This illustration of a violin by Johannes Bernardus Cuypers was published in The Strad, May 1972. The following text is extracted from the article accompanying the photographs:
Dutch violin makers were for a great number of years overlooked in favour of better known Italian, French and English instruments. The early Dutch makers copied the Amati model almost exclusively and it was not until some examples of Stradivari's work or model found their way into Holland that they began to recognise the tonal superiority of the lower built Stradivari model.
One of the most sought-after makers who worked in Holland during the 18th and 19th centuries is Johannes Cuypers of The Haugue (1724-1908). Cuypers was a clever and industrious maker who worked until he was well passed 80. He built instruments on a bold flat model not unlike the Gaglianos. He had two sons, who were both makers. Johannes Franciscus and Johannes Bernardus, the latter of whom made the exceptionally well preserved and boldly modelled example here illustrated.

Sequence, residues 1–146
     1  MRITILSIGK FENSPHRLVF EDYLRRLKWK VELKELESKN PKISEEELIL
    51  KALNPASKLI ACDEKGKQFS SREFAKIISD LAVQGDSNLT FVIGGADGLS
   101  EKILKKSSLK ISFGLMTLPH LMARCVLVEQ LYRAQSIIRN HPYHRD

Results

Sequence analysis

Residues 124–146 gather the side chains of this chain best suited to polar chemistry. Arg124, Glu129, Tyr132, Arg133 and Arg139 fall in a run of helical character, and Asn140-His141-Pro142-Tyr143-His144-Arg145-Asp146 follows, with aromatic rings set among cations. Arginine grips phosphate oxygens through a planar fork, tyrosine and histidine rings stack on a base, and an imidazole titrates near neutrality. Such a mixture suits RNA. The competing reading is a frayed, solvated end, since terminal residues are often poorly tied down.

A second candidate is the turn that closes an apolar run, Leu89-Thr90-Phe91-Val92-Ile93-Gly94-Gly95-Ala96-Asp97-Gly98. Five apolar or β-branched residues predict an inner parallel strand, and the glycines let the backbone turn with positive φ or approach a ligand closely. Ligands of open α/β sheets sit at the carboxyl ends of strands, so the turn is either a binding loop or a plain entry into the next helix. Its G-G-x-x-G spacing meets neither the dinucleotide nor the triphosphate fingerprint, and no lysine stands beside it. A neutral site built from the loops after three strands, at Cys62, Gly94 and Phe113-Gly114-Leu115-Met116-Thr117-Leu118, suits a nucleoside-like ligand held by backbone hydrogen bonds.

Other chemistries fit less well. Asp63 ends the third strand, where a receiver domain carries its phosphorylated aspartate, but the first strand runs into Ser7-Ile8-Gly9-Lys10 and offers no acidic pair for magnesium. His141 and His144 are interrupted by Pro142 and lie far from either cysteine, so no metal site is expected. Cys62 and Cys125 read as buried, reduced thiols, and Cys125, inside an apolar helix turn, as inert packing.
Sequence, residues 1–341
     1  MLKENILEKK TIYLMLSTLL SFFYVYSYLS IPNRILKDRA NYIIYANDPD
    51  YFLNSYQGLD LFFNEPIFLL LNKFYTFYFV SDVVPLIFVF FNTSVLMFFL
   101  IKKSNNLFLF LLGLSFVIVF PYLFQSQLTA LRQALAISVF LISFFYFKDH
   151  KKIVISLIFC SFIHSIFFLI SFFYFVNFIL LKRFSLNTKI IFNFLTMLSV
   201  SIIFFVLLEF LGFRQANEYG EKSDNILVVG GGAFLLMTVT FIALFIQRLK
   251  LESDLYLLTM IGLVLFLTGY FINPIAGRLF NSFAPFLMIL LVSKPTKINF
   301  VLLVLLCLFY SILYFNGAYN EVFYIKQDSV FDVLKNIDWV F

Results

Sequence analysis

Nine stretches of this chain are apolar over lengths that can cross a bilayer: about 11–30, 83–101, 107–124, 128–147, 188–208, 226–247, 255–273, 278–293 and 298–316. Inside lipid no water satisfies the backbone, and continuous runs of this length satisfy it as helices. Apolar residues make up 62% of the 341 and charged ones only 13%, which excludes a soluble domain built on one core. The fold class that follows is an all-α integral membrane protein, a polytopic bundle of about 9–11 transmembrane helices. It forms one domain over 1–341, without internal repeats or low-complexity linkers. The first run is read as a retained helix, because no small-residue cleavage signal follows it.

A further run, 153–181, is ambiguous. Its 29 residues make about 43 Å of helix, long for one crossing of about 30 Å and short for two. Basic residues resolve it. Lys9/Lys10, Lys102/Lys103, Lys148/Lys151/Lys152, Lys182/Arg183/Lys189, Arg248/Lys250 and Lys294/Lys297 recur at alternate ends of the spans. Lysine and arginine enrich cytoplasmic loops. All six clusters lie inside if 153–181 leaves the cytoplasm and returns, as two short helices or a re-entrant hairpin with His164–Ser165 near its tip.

The instrument has a one-piece back of wood marked with a handsome small figure. The ribs and head are of similar figured wood. The table is in one piece having fine grain on the treble side and opening out on the base. The varnish is of an attractive light golden-brown colour.
The principal measurements are: Body length, 13 15/15 inches; Upper bouts, 6 1/3 7/2,; Centre bouts, 4 1/2 inches; Lower bouts 8 1/16 ; Ribs 1 1/8 to 1 3/16 inches.